The following paper appeared in the the Classroom Notes section of SIGNUM, the newsletter of the ACM Special Interest Group on Numerical Mathematics: SIGNUM Newsletter, Vol. 32, No. 4 (Oct 1997), pp. 15-19.

Analytic Derivation of Comparisons in Binary Search

Timothy J. Rolfe, Ph.D.
Dakota State University
Madison SD 57042-1799

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Timothy J. Rolfe
Associate Professor, Computer Science
Eastern Washington University
Cheney, WA 99004-2412
(509) 359-6162
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Numerous authors of programming texts and algorithms / data structures texts develop code for the binary search. The common implementation is one in which the loop contains two comparisons for three outcomes — the key is to the left of the midpoint, to the right of the midpoint, or exactly at the midpoint — Implementation A below.

To exit immediately upon finding the item seems to be the obvious choice for fastest execution. But that is not the case.

One can also implement the algorithm with only a single comparison — and no early exit — as in Implementation B below.

       Implementation A                 |        Implementation B
template <class TP>                     | template <class TP>
int BinSrch (int N, TP X[], TP Key)     | int BinSrch (int N, TP X[], TP Key)
{                                       | {
   int Lo = 0, Hi = N-1;                |    int Lo = 0, Hi = N-1;
   while (Lo <= Hi)                     |    while (Lo < Hi)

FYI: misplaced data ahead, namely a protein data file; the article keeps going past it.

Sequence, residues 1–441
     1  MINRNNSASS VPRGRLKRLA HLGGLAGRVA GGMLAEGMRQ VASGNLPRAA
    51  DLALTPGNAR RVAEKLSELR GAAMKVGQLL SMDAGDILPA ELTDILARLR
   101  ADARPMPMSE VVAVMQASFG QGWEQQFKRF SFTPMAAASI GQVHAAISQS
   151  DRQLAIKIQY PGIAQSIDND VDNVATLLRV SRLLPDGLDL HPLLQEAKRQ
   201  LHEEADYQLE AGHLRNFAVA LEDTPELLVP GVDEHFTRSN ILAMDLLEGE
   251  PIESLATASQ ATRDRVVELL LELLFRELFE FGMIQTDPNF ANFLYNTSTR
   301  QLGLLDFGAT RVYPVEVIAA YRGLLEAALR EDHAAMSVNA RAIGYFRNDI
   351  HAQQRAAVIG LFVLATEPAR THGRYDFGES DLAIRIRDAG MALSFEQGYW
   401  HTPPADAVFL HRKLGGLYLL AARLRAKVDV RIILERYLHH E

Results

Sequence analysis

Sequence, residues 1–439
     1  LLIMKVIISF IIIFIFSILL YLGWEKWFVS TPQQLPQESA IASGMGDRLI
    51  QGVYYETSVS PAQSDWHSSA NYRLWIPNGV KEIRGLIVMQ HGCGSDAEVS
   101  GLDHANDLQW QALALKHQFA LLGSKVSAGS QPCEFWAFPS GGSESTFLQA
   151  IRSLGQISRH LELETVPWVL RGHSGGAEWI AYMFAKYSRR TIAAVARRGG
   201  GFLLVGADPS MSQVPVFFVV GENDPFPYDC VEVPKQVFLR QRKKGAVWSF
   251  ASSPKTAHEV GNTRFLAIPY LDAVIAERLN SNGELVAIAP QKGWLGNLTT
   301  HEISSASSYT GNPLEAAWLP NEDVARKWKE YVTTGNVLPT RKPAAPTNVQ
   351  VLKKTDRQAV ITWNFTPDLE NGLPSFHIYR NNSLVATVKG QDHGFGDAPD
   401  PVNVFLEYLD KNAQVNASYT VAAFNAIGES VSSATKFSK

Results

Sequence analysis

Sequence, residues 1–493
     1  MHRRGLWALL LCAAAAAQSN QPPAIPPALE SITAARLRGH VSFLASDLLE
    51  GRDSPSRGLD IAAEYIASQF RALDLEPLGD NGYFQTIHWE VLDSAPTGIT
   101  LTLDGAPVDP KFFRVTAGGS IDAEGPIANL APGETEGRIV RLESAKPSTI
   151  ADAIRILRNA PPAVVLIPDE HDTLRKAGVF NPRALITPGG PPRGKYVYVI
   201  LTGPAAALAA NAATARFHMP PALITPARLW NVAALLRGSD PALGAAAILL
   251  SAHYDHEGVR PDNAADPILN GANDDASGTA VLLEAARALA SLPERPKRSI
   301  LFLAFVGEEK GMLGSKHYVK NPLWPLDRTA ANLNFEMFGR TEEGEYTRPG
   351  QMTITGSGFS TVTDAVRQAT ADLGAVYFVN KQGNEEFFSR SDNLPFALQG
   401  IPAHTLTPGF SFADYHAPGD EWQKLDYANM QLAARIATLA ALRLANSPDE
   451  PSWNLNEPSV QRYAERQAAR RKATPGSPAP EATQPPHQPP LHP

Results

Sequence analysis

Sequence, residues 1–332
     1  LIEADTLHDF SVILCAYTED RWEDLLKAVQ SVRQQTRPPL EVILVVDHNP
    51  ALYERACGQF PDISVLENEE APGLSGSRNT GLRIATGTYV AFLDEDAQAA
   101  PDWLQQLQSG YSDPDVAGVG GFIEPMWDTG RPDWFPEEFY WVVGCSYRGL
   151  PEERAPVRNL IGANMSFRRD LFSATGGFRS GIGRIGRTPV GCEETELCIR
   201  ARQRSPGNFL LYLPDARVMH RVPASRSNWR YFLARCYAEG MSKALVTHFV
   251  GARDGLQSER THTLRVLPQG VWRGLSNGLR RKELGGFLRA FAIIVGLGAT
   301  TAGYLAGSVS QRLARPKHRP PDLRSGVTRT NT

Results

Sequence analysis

{                                    |    {
      int Mid = (Lo + Hi) / 2;          |       int Mid = (Lo + Hi) / 2;
      if (Key > X[Mid])                 |       if (Key > X[Mid])
         Lo = Mid + 1;                  |          Lo = Mid + 1;
      else if (Key < X[Mid])            |       else
         Hi = Mid - 1;                  |          Hi = Mid;
      else                              |    }
         return Mid;                    | // Return where item is or where
   }                                    | // it would belong
// Mid will either be below or above    |    if (X[Lo] >= Key ) return Lo;
// where the item would belong, so just | // In case it comes AFTER all:
   return -1; // return a failure flag  |    else               return N;
}                                       | } 

Without the early exit, Implementation B will always go the full lg(n) iterations (where lg denotes log2), but it will only perform one comparison on each iteration. Implementation A, with the early exit, will, on average, perform 1.5 comparisons on each iteration, but will sometimes avoid unnecessary iterations.

Implementation B is obviously preferable on failure to find: since failure has no early exit, Implementation A on average requires half again as many comparisons as Implementation B.

The significant question is this: on average which implementation is preferable to find an item.

To ease the analysis, let us consider dealing with n items such that (n+1) = 2k (that is, we have a full binary tree for the comparison tree). Implementation B is known to iterate k times. So we need to determine the average number of iterations for Implementation A to compare the two.

For our purposes here, it will be convenient to number the root of the binary search tree as level 1. Then the number of iterations necessary to find an element at a level j will simply be the level of the tree.

To average the number of comparisons, we simply need to total up the comparisons required to reach each element in the binary search tree. At a given level j, there are 2 j - 1 tree nodes (due to our numbering the root as level 1). In terms of the level, we can write the number of iterations required to find all of the items at that level as ½ j 2j — writing the 2 -1 as a constant and simplifying the j dependence. The average will then be the total of these divided by the number of nodes in the tree.


 Brian Carlson of Southern Illinois University at Edwardsville has discovered a closed-form solution for the summation: